Finding Joy

Updated: Jan 5


Happiness happens to you. It can arrive in the form of a phone call, or a warm cupcake, or your favourite team winning a match. It comes hopping in, upon bursts of excitement, and then fizzles out, much like old soda. Happiness is a manufactured emotion, and it is a passive one. It depends on opportune moments and ideal settings. It is a function of the people around you and their actions or reactions and hence is fleeting. Happiness

When a child is happy, it is because she is safe amidst her toys and her people. As parents, we do everything in our might to keep the child in that blissful state. All her physical needs are met, and she is enveloped in the cocoon of affection and security. We constantly seek proof of that happiness in her expressions and her excitement. A happy child, we believe, is a validation of our efforts. And since happiness is transient, we strive harder to retain it. Joy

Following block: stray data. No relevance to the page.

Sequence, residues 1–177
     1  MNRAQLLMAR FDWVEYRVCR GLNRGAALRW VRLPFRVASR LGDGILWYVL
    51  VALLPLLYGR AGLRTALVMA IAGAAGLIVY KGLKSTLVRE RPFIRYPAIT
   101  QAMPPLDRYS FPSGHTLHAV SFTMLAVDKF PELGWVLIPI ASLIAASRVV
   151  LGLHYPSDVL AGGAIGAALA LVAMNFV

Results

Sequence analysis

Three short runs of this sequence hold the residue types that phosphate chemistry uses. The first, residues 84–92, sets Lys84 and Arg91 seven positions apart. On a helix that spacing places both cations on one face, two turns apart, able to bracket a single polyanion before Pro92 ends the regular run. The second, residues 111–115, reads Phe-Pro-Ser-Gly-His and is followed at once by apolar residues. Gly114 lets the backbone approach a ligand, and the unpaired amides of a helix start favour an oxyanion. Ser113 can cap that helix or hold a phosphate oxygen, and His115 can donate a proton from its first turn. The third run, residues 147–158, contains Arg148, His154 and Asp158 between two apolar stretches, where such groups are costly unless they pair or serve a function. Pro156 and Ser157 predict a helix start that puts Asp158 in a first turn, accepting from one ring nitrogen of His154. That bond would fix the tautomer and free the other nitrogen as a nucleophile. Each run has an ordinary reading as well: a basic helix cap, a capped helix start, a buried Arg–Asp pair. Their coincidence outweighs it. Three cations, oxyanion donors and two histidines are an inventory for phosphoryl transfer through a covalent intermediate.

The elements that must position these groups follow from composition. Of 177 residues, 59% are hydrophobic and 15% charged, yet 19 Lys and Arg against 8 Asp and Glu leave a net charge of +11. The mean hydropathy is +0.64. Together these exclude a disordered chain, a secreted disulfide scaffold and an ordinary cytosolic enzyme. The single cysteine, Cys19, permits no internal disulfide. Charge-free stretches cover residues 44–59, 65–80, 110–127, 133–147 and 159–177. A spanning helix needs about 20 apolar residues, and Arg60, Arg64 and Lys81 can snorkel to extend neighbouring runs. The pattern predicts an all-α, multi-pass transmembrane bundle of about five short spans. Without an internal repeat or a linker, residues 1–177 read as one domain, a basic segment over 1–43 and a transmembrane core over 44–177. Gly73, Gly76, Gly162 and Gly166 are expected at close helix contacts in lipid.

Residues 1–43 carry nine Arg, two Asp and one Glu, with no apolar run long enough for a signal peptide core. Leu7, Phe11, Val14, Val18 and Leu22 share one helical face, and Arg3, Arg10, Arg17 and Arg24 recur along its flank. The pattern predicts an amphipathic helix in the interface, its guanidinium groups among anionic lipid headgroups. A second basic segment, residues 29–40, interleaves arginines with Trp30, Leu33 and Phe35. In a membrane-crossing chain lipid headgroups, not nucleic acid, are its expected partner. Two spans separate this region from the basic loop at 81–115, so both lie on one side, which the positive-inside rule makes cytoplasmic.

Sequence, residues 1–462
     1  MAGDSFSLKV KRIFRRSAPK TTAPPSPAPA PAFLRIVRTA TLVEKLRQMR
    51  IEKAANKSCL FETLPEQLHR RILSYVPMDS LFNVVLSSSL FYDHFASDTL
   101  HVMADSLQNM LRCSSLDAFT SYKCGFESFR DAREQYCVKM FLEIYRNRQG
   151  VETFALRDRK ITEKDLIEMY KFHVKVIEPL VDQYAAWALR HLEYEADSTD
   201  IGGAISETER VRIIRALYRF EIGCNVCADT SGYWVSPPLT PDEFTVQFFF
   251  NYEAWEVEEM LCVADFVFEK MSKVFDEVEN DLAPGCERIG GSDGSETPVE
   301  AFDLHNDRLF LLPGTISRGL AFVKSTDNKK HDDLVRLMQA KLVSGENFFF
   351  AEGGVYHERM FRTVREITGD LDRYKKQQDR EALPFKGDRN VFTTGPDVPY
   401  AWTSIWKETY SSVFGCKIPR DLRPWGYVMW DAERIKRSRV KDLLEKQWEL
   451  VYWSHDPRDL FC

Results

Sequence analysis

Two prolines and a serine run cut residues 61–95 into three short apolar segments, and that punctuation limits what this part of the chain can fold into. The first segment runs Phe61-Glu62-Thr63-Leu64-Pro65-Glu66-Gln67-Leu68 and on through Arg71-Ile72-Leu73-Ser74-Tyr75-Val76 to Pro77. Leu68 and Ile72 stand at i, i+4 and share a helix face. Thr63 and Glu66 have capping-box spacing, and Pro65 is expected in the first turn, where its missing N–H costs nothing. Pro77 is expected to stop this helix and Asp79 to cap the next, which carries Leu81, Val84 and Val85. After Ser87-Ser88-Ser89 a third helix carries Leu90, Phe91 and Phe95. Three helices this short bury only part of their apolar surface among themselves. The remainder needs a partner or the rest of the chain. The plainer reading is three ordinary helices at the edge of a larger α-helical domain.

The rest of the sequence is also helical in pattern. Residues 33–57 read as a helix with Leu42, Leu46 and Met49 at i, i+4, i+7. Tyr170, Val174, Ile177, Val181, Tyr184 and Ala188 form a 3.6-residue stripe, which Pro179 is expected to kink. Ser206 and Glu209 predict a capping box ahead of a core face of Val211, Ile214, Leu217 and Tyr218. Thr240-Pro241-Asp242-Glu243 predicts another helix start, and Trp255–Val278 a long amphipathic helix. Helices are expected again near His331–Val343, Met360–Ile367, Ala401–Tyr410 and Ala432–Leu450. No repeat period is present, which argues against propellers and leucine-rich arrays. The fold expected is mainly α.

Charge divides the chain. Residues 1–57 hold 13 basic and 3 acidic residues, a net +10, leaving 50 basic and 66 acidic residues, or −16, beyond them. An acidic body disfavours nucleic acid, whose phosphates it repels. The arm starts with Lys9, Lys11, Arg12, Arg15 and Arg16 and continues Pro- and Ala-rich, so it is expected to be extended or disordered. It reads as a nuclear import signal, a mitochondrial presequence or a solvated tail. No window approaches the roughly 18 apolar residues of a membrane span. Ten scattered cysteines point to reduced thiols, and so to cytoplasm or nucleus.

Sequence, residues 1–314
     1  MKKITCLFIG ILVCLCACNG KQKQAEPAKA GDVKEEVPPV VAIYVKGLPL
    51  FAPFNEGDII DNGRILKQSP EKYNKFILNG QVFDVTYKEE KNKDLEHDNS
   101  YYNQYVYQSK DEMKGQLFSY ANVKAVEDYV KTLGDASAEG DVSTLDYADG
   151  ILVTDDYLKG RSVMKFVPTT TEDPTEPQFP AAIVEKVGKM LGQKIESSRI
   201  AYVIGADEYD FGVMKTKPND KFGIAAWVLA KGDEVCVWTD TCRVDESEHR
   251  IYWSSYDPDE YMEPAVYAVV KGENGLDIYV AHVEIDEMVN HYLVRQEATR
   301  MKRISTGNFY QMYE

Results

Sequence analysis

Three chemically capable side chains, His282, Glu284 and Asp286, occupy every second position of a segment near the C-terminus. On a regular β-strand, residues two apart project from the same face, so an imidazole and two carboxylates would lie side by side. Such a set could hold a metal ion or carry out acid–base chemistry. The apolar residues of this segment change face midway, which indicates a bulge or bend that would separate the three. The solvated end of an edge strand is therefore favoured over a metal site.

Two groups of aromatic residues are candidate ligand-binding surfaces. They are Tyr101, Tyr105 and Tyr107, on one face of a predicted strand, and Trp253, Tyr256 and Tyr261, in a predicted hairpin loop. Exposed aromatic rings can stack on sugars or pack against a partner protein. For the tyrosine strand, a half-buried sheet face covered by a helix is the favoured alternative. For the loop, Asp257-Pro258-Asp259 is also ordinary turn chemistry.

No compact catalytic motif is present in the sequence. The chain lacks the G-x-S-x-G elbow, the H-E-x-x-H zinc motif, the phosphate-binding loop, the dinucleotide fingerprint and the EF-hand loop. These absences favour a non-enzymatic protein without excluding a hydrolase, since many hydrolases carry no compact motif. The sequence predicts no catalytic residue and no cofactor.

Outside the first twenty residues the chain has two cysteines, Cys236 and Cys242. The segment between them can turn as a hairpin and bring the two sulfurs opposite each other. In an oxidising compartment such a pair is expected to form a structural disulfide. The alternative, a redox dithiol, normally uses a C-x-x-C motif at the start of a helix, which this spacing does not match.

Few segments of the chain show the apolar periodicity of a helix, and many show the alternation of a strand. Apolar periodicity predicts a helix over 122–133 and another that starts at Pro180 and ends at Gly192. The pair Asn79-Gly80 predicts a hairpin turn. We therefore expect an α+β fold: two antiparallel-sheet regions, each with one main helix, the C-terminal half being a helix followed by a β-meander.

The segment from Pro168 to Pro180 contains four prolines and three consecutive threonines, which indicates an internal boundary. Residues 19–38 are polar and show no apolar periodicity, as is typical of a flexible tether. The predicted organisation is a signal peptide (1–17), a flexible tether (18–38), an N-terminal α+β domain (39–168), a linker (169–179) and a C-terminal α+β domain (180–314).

Joy, on the other hand, is an inner working of the self. It appears quietly in the presence of perseverance and resilience. It is evident when the child solves a particularly difficult sum or completes a chore. When he ties his shoelaces for the first time or cycles without the trainer wheels. The manifestations of joy are less flamboyant, but they last longer, and make deep imprints in the memory. This will keep him in good stead when he faces newer challenges. Like happiness, joy needs people too. To share a moment, to express gratitude, to make a difference, to create an impact. As parents, we should foster this aspect of joy that comes from the giving of oneself, and which helps create more lasting contentment. We pursue happiness because it is fickle. Joy needs no chasing. It grows within, nurtured regardless of external elements, and it gives the child both roots and wings.

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